President Obama will have solar panels and a solar water heater installed on his residence at the White House, officials announced today. For homeowners looking to do the same, The Daily Green has this information on solar water heater options. Also check out these reviews of the most efficient and affordable home solar panels.
It is estimated that more energy from sunlight hits the Earth in a single hour than human beings use in an entire year. Sunlight is free and abundant, so it makes sense that we would want to use it as a source of energy. However, while most people only think of solar panels that directly produce electricity, such photovoltaics (PVs) aren't the only way to harness solar energy. For many, there's a more financially and technologically viable option in the process of heating water from sunlight.
In fact, starting in 2010, all new single-family homes built in Hawaii will have to include solar water heaters (unless builders can demonstrate a compelling obstacle, such as underneath forest canopies). Some 90% of homes in Israel already have solar water heaters, and they are common in the Caribbean and on other islands.
So let's explore three options for getting your own solar water heater, so you can take advantage of the sun to offset your own home hot water needs.
The average professionally installed solar electric (PV) system will take about 30 years to pay back, even after the great federal and state solar rebates available. Solar hot water systems, on the other hand, can pay for themselves in about 10 years -- or 1/3 the time it takes to recoup the cost of solar electric. Combine that with an efficient, energy-saving tankless water heater, and you can save the cost of a professionally installed system in just a few years.
There are several reasons why you may want to go with a professionally manufactured and installed solar hot water heating system. These include convenience and high quality work, as well as confidence in the system. Note that today's units are much thinner, lighter and lower-maintenance than the giant solar water heaters you might have seen from earlier installs. Most come with 30-year warranties.
Some solar water heaters can operate throughout the winter, a great feature for areas that get sun all year round, but have low nighttime temperatures. As for the two DIY plans below, neither gives you the option of heating all year long in most parts of the world. Of course the advantage is that you can often make them yourself out of stuff from the junk pile.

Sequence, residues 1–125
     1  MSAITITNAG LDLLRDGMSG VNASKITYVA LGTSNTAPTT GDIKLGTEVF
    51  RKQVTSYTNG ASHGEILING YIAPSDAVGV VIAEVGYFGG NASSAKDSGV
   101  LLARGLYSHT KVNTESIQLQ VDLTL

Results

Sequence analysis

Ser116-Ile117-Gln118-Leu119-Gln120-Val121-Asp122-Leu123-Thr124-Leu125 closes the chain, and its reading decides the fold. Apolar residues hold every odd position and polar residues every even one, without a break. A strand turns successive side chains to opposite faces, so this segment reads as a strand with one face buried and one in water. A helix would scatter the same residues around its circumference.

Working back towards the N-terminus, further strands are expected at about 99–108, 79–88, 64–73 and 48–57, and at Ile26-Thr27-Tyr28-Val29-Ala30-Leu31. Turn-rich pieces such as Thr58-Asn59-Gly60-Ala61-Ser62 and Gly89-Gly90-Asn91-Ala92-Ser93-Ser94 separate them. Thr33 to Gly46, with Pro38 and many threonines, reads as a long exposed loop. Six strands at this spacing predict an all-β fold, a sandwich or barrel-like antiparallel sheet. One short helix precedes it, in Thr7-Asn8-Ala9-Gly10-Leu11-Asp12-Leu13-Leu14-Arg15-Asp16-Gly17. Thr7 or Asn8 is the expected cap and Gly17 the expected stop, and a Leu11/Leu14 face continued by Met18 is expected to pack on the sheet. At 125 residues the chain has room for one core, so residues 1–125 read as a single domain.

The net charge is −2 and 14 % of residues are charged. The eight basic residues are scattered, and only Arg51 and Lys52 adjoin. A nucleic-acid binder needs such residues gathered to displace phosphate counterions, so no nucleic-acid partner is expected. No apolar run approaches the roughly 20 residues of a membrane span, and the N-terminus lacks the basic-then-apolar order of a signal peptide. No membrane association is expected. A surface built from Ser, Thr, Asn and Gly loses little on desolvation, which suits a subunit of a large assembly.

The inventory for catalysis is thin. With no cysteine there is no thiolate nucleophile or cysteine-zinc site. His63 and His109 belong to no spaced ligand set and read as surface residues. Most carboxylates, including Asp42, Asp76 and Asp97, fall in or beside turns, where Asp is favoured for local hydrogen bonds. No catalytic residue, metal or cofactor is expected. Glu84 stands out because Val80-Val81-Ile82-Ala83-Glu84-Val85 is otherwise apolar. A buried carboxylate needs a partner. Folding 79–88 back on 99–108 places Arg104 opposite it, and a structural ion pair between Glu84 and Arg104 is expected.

Approximate cost: $10,000 for parts and installation, not including widely available rebates
A solar water heater "breadbox" design. GreenTerraFirma.com
The most popular form of a passive solar water heater for do-it-yourselfers is the "solar batch hot water heater," or "solar breadbox," which is essentially an insulated, glass-topped box with a black water tank inside. The tank accepts cold water from your main water valve and, after warming it up, sends this pre-heated water into your household hot water tank or on-demand tankless water heater.
Breadbox style water heaters can go on the roof, but can also be placed on the ground without the use of a water pump. This is because the pressure in your household plumbing is what moves water through the unit. As with most hot water systems, you may need to drain out the system in cold months to keep it from freezing.
Approximate cost: $500
The fastest and easiest way to get solar heated water is to coil a black water hose around on your roof. Attach the input into your faucet and run the output down to a showerhead (you can even make that a low-flow showerhead). Some creative homeowners will run the hose into the house, but most just use it as an outdoor hot shower -- a perfect place to rinse off before or after a dip in the pool (make that a natural pool!), or after a hard day's work in the garden.
Even a 100-foot long hose will only hold a few gallons of water, which is why many DIY hot water shower builders will incorporate a holding tank (painted black) into the design. Just don't put this directly above your head in the shower area. Instead, set it back a little ways. A 55-gallon drum full of water can weigh about 460 pounds!
Speaking of swimming pools, the hot water inside the hose or tank at the end of the day can also be let out into your pool to warm up the water. Don't worry, you'll get another batch of free hot water tomorrow! (Photo: A solar shower. Rebecca Sudduth/Flickr)
Approximate cost: about $50
Enter your city or zip code to get your local temperature and air quality and find local green food and recycling resources near you.